Public Safety Minister Mike Farnworth says the Surrey Police Service’s recruitment efforts are not hampering investigations into this current spate of shootings by distracting officers, as was suggested by the National Police Federation which represents Mounties across Canada.
“That’s simply not the case,” Farnworth told the Now-Leader on Friday. “There’s no distraction from the work of IHIT or the Coordinated Special Enforcement Unit.”
On May 10 the NPF issued a press release calling on the provincial government to “Direct the Surrey Police Service to halt recruitment of active police officers in the Lower Mainland, including those from the Integrated Homicide Investigation Team, to an inactive potential future police service. Now is not the time to be removing scarce resources from active service in the Lower Mainland.”
On March 11, Deputy Commissioner Jennifer Strachan, commanding officer of the BC RCMP, wrote a letter to Surrey Police Service Chief Constable Norm Lipinski saying she received “numerous” complaints that serving RCMP are “receiving calls, at work, from Surrey Policing executives seeking their interest in retiring from the RCMP and joining the new Surrey Police Service.
“I want to share my concerns that these calls are coming in to colleagues via their RCMP phone numbers and during work hours,” she wrote. “A number have expressed their discomfort.
“I fully support you and your team in accomplishing the enormous task of recruiting new employees, but would respectfully request that your human resources team adjust their approach to avoid further complaints” Strachan wrote.
To this, Lipinski replied that the SPS was “not aware of anyone at the Surrey Police Service making the phone calls in such a manner as you indicated” and added “it would be helpful if you could provide specific details.”
Meantime, during a press conference call with reporters on Friday Farnworth said residents can expect to see more police on the road in the wake of recent shootings, which currently stand at 11.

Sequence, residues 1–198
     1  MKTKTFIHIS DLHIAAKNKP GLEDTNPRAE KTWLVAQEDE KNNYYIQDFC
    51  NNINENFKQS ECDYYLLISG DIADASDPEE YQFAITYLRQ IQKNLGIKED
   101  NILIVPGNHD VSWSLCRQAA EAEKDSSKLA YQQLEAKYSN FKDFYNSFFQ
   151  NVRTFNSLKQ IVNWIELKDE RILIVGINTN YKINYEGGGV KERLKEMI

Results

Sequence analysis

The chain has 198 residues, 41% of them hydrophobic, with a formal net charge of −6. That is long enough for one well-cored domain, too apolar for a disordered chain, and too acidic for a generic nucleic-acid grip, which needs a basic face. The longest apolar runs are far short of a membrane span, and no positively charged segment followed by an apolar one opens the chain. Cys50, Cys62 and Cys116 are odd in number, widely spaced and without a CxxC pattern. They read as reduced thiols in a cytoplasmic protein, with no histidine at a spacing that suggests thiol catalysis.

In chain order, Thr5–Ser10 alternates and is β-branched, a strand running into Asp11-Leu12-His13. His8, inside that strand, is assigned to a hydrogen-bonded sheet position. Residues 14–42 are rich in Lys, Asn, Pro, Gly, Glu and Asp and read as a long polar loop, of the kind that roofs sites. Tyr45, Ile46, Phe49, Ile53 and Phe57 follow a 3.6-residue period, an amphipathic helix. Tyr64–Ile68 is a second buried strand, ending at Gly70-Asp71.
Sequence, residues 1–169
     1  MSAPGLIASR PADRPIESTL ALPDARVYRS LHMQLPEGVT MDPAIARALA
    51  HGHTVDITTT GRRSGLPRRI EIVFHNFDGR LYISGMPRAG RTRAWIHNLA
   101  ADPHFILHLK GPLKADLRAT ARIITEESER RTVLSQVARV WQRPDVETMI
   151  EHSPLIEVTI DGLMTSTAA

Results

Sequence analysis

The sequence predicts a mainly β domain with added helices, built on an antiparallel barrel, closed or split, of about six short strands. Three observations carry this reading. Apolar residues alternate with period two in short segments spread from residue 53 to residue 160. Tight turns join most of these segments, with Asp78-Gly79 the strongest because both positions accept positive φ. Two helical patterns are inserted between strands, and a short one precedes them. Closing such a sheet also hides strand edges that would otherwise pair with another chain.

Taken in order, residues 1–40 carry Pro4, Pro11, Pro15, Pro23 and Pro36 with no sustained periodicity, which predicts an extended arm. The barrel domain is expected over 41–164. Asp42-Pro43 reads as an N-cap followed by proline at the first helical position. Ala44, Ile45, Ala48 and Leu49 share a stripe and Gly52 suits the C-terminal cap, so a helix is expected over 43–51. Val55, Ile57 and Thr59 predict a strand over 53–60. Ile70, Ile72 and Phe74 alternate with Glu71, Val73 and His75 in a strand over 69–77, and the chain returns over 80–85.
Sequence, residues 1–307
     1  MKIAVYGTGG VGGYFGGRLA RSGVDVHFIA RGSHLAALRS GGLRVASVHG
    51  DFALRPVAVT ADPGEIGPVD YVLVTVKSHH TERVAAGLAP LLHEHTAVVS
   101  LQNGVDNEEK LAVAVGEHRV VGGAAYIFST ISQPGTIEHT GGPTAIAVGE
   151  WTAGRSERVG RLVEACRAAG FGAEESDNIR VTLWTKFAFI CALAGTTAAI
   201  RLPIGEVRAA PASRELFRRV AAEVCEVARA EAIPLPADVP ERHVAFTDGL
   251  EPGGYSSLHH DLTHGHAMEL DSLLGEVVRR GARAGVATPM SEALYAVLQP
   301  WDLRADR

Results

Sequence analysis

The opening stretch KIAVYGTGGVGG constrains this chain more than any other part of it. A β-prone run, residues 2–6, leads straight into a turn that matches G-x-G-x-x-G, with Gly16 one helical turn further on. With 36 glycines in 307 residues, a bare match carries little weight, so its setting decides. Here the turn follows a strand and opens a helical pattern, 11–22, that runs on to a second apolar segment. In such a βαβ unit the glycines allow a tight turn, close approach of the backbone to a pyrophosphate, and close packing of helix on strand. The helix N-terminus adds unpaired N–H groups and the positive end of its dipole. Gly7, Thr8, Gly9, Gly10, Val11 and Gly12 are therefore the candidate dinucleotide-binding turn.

“You will see an increased police presence in many areas,” Farnworth said.
He said the shootings and related homicide investigations are “very complex” and a big challenge the police are facing “ is not a resource issue.”
“They have the resources,” he insisted. “In many of these crimes, police have found out, a deceased victim for example is the main suspect in other murders and so that is a challenge, because the person who committed the crime has also become another statistic.”
Police departments are not working in silos, Farnworth said, but rather in a coordinated, collaborative effort to solve these crimes.
“The police and the province and the feds are all working together,” he said, bringing all tools available to deal with “this scourge.”
“Police are not going to let up. Police are going to be on this, and on this, and on this through every possible means. And the gangsters, as I said, there’s only two ways this is going to end. Either jail, or they’re going to be dead.”
Another challenge, he said, is getting information from people who need to report what they know to police. “They cannot continue to turn a blind eye.”
Farnworth met with police chiefs on Thursday to discuss drugs turf wars and retaliation shootings.
“They are absolutely, completely committed to suppressing this cycle of violence and bringing to justice those who are responsible. This is job number one, like, this is their top priority,” Farnworth said.
Also on Friday police chiefs and commanders released a joint statement on recent gang-related violence in the Lower Mainland, saying the level of their partnership in the region is “unprecedented.”
“The disregard for the safety of the public and the police that gang members continually show, highlighted by recent events, is unacceptable and we are doing everything we can to hold those responsible accountable” reads the statement, on behalf of 12 senior police officers. “Your safety is our number one priority and we will not waver in our relentless pursuit to prevent, disrupt, suppress, and investigate those who choose to involve themselves in gang and organized crime activities.”
The public’s role, they said, cannot be understated. “Your willingness to call police when you see something suspicious, or have information, could be critical in helping prevent someone from getting hurt or assist us in collecting crucial pieces of evidence. We want your help.
“Lastly, to the gang members, we know many of you are afraid, unsure who to trust, and fearful that you might be targeted next. You have an opportunity to get out. Contact police before it is too late for you and those who love you.”